Most Popular Articles

  • Movie Review: Homeless to Harvard

    Homeless to Harvard is a film primarily based on the true history of Liz Murray. Her grit, courage, and determination to do well against all probabilities is unbelievable. From getting drug addicted parents who expend all their money on their addiction, lacking warm clothes, not getting anything to eat, and then turning into homeless, how she goes on to win a scholarship to Harvard is a scenario that is truly emotional, inspirational, and motivational.

    From an age of as fresh as three, she had to see her mom and dad inject drugs in their veins, and as a outcome blood stains on the bathroom walls. Also, due to severe hunger, she once ate a tube of tooth paste and chap stick. In college she was hungry, wore dirty outfits, has lice infected hair, and because of all this was taunted and picked on by class mates. Due to this, she often bunked school.

    After her mother’s death due to AIDS, and her father relocating to a homeless shelter, she became homeless at age FIFTEEN. From there she proceeded to go on to sleeping on the streets, in stairwells on marble floors, and in subways, which she rode for warmth. For meals she begged and ate from trash cans. Later she got a job cleaning dishes in a restaurant.

    At the age of 17 she travelled back to school, completing four years of high school in 2, while still homeless, often studying and finishing her assignments in subway stations. After completing her schooling, she won the New York Times scholarship which given her access into Harvard.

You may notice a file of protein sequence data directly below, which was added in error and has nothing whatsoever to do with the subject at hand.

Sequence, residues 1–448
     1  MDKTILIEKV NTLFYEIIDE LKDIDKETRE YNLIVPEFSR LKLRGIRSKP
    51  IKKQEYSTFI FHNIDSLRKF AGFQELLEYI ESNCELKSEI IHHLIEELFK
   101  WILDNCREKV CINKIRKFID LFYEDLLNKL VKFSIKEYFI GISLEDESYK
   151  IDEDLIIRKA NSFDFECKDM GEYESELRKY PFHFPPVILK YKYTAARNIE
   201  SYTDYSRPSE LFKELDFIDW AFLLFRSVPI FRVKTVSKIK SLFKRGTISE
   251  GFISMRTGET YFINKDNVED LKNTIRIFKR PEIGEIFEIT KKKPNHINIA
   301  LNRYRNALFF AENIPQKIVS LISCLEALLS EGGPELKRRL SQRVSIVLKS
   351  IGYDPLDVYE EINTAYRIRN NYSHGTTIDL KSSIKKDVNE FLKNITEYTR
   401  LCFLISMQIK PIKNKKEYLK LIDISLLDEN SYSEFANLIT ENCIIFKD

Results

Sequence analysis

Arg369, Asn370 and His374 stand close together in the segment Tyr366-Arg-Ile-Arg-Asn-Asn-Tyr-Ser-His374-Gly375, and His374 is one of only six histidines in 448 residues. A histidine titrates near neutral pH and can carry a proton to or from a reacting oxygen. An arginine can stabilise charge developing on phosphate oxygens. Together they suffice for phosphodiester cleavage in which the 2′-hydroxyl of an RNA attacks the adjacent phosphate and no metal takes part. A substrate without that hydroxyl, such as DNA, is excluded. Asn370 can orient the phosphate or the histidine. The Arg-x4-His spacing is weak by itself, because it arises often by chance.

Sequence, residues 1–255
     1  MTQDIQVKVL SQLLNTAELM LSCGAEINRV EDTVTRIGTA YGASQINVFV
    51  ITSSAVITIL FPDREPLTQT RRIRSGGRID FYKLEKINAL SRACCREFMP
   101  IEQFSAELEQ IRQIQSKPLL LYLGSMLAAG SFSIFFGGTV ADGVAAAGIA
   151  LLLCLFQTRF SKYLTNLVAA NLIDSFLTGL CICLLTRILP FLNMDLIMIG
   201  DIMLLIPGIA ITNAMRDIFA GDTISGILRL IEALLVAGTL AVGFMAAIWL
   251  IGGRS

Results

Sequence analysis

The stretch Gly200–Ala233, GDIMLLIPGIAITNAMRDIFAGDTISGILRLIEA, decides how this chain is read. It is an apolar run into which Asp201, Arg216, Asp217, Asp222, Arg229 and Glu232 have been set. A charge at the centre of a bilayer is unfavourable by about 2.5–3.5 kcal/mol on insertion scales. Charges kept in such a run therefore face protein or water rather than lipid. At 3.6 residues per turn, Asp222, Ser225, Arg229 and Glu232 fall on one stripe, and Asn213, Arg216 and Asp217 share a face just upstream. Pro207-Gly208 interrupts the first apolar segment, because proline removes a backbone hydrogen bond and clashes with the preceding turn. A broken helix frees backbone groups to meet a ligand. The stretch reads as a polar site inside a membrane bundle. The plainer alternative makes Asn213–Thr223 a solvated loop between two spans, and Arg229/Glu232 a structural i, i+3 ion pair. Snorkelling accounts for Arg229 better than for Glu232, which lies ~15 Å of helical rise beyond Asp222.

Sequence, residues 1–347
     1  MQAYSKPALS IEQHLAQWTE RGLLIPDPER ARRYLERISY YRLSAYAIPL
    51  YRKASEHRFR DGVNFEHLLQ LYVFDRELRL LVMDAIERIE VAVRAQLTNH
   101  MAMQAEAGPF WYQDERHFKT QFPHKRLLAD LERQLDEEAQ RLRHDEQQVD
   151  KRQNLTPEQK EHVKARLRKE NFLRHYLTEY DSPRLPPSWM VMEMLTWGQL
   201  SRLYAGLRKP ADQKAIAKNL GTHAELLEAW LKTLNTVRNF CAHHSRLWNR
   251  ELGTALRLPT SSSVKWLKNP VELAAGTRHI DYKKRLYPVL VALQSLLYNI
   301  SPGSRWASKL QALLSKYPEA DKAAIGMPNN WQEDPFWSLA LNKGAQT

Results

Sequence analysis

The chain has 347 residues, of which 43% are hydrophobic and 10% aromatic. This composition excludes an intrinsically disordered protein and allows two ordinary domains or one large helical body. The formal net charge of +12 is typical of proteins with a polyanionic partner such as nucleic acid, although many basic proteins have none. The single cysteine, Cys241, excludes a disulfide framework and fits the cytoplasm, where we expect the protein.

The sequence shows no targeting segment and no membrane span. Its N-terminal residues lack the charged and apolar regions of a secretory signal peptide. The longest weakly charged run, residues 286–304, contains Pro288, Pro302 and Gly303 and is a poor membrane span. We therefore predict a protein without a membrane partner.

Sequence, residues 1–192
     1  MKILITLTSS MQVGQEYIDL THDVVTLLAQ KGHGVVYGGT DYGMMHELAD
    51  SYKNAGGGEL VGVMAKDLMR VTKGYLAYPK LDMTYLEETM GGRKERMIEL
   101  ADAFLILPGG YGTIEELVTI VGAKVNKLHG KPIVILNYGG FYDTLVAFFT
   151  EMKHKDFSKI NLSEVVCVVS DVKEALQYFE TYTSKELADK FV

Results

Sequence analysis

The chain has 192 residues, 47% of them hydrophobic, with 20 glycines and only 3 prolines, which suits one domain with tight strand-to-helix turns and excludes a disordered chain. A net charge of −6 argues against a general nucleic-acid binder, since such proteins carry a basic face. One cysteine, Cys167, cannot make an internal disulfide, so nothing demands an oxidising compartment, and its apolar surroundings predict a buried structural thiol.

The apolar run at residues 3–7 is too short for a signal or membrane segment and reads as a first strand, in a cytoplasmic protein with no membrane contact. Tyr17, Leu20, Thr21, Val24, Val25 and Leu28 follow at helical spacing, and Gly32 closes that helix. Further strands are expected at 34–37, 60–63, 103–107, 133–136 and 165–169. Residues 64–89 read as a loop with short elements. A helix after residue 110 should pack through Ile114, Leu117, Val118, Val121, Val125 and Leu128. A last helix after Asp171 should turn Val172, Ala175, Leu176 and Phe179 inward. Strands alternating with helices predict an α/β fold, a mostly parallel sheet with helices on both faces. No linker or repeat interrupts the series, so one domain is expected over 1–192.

Her story is of determination, perseverance, and teaches the true worth of education.

    Liz Murray has also created a book titled Breaking Night.

    It offers an insight into her life and displays her power in the face of adversity. It goes via her childhood, her battles, and her wish to rise despite all the hurdles.

    A very touching, emotional journey of a very courageous woman.

     Watch Movie Online Now

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  • Box Office: 'Rampage' Barely Beats 'A Quiet Place'

    Right after a lot nail biting and hand wringing, it seems like "Rampage," Dwayne Johnson's destruction-filled adaptation of the traditional arcade game, won the box office race with $34.5 million. For a while it seemed like John Krasinski's horror tale "A Quiet Place" would get the top spot (especially given the inherent spookiness of a Friday the 13th weekend), but that finished up at #2 with $32.6 million, which usually is still admirably amazing (it's down just 35% from last weekend) and places it just below the vaulted $100 million mark. (Unlike the $120 million+ "Rampage," "A Quiet Place" had a moderate budget of just $17 million.)